The Apple Watch 7 isn't expected until this fall, but the model after that is already looking more exciting. Rumors of Apple trying to incorporate some kind of blood sugar monitoring for the Apple Watch date all the way back to 2017, and CEO Tim Cook was even reportedly seen wearing a prototype device around the company campus.
Four years later, the Apple Watch tracks myriad health stats, but blood sugar levels still aren’t present without additional, expensive specialist hardware. It seems that that could change soon, with evidence not coming from Apple itself, but from a startup that’s about to go public.
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The Telegraph uncovered SEC documents from UK company Rockley Photonics that not only reveals Apple to be its largest customer, but that it’s also responsible for the huge slice of its income for two years running.
“Rockley believes that its operating results for the foreseeable future will continue to depend to a significant extent on revenue attributable to a few large customers, including Apple Inc., Rockley’s largest customer,” the listing reads. “Rockley’s two largest customers collectively accounted for 100% and 99.6% of Rockley’s revenue in 2020 and 2019, respectively.”
The company makes sensors which read multiple blood signals without the use of medical equipment, including lactate, alcohol, carbon monoxide, blood pressure, blood oxygen, core body temperature and glucose. It’s likely the last of these that is of special interest to Apple, given the more recent blood glucose rumors for the Apple Watch 7.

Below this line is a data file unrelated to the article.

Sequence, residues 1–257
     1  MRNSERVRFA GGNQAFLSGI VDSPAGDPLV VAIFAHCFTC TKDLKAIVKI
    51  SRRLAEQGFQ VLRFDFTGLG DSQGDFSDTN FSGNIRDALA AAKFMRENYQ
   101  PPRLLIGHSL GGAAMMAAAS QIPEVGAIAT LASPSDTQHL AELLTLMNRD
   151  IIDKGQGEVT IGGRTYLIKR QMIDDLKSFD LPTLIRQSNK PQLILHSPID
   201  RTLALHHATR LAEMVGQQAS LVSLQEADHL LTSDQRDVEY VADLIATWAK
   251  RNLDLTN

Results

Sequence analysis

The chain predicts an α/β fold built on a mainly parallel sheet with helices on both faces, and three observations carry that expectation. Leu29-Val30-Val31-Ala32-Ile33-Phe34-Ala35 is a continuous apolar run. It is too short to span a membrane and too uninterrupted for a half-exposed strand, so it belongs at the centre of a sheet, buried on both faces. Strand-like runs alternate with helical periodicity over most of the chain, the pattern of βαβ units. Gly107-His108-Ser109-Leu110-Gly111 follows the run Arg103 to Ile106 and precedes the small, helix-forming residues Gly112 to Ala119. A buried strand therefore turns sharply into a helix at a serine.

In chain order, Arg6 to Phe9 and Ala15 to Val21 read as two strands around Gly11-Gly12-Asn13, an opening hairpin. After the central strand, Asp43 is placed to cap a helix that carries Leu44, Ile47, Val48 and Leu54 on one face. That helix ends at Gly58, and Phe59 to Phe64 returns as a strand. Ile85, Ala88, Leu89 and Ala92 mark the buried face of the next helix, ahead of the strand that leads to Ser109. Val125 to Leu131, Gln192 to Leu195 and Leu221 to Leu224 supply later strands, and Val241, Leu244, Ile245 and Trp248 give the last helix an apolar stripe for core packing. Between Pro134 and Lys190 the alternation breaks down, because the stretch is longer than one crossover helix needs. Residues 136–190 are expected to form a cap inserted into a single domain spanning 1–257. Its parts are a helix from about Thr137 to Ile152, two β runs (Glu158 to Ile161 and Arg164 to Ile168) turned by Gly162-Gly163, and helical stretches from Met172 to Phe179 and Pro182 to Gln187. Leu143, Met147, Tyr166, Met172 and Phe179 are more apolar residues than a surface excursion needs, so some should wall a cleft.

Unfortunately, it sounds like that could be a little too soon.
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Rockley CEO Andrew Rickman told The Telegraph that he expects its technology to be in consumer products next year, though he would not be drawn on whether it would be in an Apple product or not. That lack of transparency is unsurprising given the level of secrecy Apple requires from its suppliers and partners.
The filing makes it clear why Apple would be interested in working with Rockley, with the company boasting of “lasers [with] up to 1,000,000 times higher resolution, 1,000 times higher accuracy and 100 times broader range in wavelengths compared with existing LED offerings in wearable solutions.” This, the company says, will help it “address existing applications in consumer wearable devices with significantly higher resolution, accuracy and range.”
Reliable, non-invasive blood glucose analysis would be a game changer for diabetics. As we wrote back in November, the current generation of Apple Watches can work with continuous blood sugar tracking devices, but it’s enormously expensive. Something like Dexcom will set you back $245 for transmitters and $1,035 for three months’ worth of disposable sensors, for example.
But blood sugar tracking isn’t just of interest to diabetics, and it could offer interesting analytics for those looking to eat better and lose weight. Depending on reliability, that may well end up being how Apple promotes the sensor.
This assumes the sensor tech is ultimately viable, of course. Even if it works reliably and is convenient for users, there are other concerns at play, including what the additional sensors would do to both price and battery life. Perhaps that’s why this is currently pegged as a 2022 product, rather than being unveiled in this year’s Apple Watch 7.